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Home > Country profiles > UK (Scotland) > Articles > Article detail

Mediation's Values: Still Searching

Sunday, 19th August 2019

I begin with an apologia. Since “each of us, of necessity, must encounter the world from some perspective or other” (Burr, V, An Introduction to Social Constructionism London: Routledge 1995, p.160) I should acknowledge mine: this dissertation is the work of a 48-year-old, white, married, Scottish father-of-two. I cannot claim objectivity for my view. It is therefore helpful to set this exploration as a story: the story of one person’s encounter with other people’s conflict, and the journey on which that has propelled me.

When I first received mediation training I had no experience of the social sciences, therapeutic or family work. Instead I brought a law degree, ten years in the music industry and a brief but intense involvement with evangelical religion. This background could reveal a quest for objective truth: law and religion both stake strong claims to being sources of values, while the music industry is an archetype of individualist capitalism, its highest values being money, fame and self-actualisation.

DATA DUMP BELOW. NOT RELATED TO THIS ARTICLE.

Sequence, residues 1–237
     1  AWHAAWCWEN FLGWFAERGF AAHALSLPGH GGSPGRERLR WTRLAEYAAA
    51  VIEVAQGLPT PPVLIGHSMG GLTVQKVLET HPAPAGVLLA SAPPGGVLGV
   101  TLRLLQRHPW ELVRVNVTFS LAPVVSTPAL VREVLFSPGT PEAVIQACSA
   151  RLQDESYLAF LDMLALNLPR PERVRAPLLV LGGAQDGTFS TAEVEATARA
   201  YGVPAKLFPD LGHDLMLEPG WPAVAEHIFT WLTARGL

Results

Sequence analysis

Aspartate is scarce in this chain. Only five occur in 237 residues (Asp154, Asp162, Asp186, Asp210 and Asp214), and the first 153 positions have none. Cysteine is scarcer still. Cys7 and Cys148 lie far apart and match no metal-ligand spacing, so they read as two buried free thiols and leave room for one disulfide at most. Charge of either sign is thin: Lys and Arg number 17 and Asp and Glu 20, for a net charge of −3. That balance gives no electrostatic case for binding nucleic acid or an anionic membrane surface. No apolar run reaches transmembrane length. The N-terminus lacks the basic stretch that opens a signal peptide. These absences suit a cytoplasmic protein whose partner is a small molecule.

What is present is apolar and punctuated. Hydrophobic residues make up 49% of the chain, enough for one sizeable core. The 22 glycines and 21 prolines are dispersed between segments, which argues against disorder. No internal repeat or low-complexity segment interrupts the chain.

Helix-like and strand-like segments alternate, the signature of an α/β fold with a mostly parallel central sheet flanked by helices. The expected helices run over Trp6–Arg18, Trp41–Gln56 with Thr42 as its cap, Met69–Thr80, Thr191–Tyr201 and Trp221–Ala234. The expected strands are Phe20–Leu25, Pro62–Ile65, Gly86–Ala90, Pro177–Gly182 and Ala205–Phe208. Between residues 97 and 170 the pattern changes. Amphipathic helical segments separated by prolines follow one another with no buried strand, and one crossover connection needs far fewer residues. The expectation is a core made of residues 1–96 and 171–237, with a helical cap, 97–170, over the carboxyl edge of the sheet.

My first family mediation post was as an “intake worker”, meeting individual parents to assess whether mediation was appropriate. The initial impact of hearing two sides of conflict stories was shock and wonder: how could two people see the same events so differently? However, as time passed I became accustomed to these competing truth claims. I began to say, to anyone who would listen, that the concept of truth was no longer “useful” for me. I am not claiming any originality for this position, which is roughly that of postmodernist thought (Willig, C, Introducing Qualitative Research in Psychology: Adventures in Theory and Method Buckingham: Open University Press, 2001). Its significance lies in the fact that exposure to other people‟s conflict led me there."

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Source: University of Strathclyde
Language: English
Contact: Charlie Irvine

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